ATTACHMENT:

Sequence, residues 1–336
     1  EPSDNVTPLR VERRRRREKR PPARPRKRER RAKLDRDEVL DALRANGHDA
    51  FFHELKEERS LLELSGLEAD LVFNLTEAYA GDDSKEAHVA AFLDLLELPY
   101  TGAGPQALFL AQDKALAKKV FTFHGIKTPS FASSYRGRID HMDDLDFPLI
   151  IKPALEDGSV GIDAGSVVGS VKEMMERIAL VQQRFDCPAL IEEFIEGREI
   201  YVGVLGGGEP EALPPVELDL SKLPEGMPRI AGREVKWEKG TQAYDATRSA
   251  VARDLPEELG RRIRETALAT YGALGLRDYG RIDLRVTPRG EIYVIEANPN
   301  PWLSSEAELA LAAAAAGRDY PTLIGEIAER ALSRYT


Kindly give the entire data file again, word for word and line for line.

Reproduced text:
Sequence, residues 1–336
     1  EPSDNVTPLR VERRRRREKR PPARPRKRER RAKLDRDEVL DALRANGHDA
    51  FFHELKEERS LLELSGLEAD LVFNLTEAYA GDDSKEAHVA AFLDLLELPY
   101  TGAGPQALFL AQDKALAKKV FTFHGIKTPS FASSYRGRID HMDDLDFPLI
   151  IKPALEDGSV GIDAGSVVGS VKEMMERIAL VQQRFDCPAL IEEFIEGREI
   201  YVGVLGGGEP EALPPVELDL SKLPEGMPRI AGREVKWEKG TQAYDATRSA
   251  VARDLPEELG RRIRETALAT YGALGLRDYG RIDLRVTPRG EIYVIEANPN
   301  PWLSSEAELA LAAAAAGRDY PTLIGEIAER ALSRYT